As the title of this article states, we are going to be discussing the difference between hoisting and lifting.
Many people actually use the term hoist and lift interchangeably when in fact, they are very different terms of movement.
Using lifting and hoisting interchangeably is basically saying that apples and oranges are the same. Do they have similar functions (apples and oranges are both fruits/hoists and lifts raise things)? Yes, but that’s about as similar as they get. The process and reason for hoisting and lifting are different and that’s why there are two names!
Lift is a word people use to describe moving things upwards to an elevated area, but actually in this case you should be using the word “raise” or “raising”. This is important to remember so as not to confuse lifting and hoisting.
Let’s discuss what hoisting and lifting actually mean and the key difference between them.
What Is Lifting?
A lift is a tool that uses extensions to raise objects and move materials from one place to another. Lifts are usually powered by electricity and use hydraulic pressure.
There are many different types of lifts for different purposes.
- Bucket lifts
- Think of cherry pickers or the lifts that firemen use
- Boom lifts
- Fixed height keeping the basket or load level at all times
- Telescopic lifts
- Extends like a telescope for precision
- Scissor lifts
- You’ve seen these in hardware stores
- Often used to move palettes
- Personnel lifts
- Used only to move people and not materials
Lifts can be used to either raise, lower, or horizontally move people or immensely heavy loads around a job site.
What Is Hoisting?
Hoisting involves using a pulley system to raise and lower an object, person, or materials.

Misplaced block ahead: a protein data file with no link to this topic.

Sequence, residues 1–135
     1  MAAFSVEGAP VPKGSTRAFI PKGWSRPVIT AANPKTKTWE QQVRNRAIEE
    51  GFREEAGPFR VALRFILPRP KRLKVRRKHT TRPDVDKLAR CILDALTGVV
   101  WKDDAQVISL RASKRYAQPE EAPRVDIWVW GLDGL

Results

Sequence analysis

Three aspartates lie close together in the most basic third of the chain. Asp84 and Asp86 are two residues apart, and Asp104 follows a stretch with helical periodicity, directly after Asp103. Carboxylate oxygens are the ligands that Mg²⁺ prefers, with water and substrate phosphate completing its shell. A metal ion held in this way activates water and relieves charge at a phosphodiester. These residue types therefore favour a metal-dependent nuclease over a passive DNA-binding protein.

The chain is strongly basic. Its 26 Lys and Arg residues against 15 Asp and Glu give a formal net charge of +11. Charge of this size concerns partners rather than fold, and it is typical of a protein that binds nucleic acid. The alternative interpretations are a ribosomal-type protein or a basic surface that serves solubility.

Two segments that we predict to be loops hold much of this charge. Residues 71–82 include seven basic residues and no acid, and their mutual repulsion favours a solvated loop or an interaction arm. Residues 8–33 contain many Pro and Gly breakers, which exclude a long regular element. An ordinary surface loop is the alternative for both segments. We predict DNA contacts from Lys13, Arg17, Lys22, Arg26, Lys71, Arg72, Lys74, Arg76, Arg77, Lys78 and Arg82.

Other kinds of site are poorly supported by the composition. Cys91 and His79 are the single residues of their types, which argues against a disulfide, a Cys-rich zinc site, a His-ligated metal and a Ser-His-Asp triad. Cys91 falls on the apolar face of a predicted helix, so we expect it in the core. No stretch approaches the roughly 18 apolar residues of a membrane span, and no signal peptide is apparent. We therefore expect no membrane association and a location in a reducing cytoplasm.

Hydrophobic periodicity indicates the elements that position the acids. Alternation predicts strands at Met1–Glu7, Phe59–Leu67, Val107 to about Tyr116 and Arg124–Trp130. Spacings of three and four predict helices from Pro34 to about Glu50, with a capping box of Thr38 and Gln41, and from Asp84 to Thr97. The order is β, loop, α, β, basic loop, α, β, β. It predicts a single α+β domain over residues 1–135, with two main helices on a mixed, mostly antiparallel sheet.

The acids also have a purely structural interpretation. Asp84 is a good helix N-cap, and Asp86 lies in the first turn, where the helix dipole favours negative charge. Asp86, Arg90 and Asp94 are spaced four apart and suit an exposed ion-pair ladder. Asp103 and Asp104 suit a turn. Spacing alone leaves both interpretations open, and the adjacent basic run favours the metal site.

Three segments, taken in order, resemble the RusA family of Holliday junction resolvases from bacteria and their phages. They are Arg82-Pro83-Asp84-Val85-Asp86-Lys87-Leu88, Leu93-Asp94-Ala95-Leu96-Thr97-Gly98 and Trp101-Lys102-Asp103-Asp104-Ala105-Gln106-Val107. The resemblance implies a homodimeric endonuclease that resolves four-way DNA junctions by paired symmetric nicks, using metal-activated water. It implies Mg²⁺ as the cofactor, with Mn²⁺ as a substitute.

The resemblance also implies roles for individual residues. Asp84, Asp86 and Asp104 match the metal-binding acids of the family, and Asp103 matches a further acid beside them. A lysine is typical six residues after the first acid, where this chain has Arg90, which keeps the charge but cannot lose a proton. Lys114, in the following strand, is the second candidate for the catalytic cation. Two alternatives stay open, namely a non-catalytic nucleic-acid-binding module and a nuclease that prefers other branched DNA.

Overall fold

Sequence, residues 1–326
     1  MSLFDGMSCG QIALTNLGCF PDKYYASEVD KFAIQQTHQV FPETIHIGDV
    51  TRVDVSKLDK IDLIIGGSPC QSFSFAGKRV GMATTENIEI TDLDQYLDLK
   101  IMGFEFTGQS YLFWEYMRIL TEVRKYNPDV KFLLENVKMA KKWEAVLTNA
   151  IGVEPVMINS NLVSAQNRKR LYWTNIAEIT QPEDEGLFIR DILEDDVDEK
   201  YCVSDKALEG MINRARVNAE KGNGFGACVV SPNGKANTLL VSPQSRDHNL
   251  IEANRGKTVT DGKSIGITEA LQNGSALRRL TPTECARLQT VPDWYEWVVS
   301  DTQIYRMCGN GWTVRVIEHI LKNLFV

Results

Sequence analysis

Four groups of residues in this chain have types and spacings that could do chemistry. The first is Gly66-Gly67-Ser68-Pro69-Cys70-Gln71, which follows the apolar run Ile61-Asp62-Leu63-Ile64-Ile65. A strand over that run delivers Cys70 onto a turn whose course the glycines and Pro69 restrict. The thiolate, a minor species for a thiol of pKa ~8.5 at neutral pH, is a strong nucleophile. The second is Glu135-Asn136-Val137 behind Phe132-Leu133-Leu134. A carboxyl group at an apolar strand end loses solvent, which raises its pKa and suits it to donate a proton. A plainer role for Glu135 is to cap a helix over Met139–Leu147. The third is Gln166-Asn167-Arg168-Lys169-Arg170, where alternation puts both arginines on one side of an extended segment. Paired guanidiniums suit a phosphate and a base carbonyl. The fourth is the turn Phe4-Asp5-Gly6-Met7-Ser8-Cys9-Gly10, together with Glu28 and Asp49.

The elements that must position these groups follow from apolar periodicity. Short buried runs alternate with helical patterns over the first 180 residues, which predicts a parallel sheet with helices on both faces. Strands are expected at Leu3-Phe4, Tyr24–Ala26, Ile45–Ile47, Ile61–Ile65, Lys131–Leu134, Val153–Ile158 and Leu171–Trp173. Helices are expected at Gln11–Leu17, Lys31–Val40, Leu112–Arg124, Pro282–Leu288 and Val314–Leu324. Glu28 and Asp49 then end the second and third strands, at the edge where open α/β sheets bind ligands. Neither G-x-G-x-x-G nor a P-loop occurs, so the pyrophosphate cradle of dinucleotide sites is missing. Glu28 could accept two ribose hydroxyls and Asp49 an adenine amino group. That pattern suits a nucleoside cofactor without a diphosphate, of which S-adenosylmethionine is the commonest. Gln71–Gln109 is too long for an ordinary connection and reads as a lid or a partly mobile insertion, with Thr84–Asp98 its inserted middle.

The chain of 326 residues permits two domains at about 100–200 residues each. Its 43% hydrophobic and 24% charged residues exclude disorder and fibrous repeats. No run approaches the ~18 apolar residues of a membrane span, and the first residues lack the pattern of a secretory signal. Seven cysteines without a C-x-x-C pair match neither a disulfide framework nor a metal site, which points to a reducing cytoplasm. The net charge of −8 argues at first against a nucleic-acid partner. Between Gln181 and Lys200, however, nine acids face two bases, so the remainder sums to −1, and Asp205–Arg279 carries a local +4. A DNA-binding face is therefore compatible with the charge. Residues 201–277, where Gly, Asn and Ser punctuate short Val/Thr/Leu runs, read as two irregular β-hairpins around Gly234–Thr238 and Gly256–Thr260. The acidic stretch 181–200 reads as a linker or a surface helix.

Hoists use ropes, chains, or braided wires connected to a drum, rollers, or another turning tool to raise and lower objects in a bucket, or sling.
They can be manual or electrical and are sometimes called construction elevators.
They make moving materials and people up and down extremely easy and efficient.
You’ll see these pieces of rigging equipment used at construction sites in cities that are building tall structures. This ensures that materials and people are moved safely through the different levels of the project.
Examples Of Hoisting And Lifting
A good way of noting the difference between hoisting and lifting is by looking at how a flag is raised!
When you see a flag being raised what is the flag attached to? A rope! This is a classic example of a hoist system.
The rope is attached as a loop to a pulley system at the top and bottom of the flag pole which allows you to raise and lower the flag.
As you pull one side of the rope down the other side moves upwards and allows the flag to rise.
The flag can’t go anywhere but up or down. This is a key difference between hoisting and lifting.
Now let’s look at how a flag is raised using a lifting system.
Say the flag is attached to an extendable pole. When the pole is engaged it will telescope (telescoping boom) upwards and allow the flag to rise.
However, with the flag being attached to a pole, it can be moved around in a circle and change angles along with just moving up and down.
Just like a piece of material attached to a lift, you can move the material around where it needs to be, allowing you to maneuver the lift in hard to reach places on the construction site.
Both hoists and lifts are majorly used equipment on job sites and both have extreme importance and purpose. This is why you can’t compare one to the other or use the titles of the equipment interchangeably.
Need More Information About Hoisting And Lifting? See BOSS Crane
If you need to learn more about the difference between hoisting and lifting and any other materials or heavy equipment needed for a job, contact our team at BOSS Crane today!
With over 80 years of combined experience, we have been serving Texas companies by providing them with top-of-the-line heavy equipment and experienced and dedicated operators to run them.
We have experience moving drilling rigs and working in the wind energy, oil and gas, construction, and many other industries.
We also service businesses and job sites in Oklahoma, Arkansas, and Louisiana! To learn more about how to utilize our services, call today to get a quote!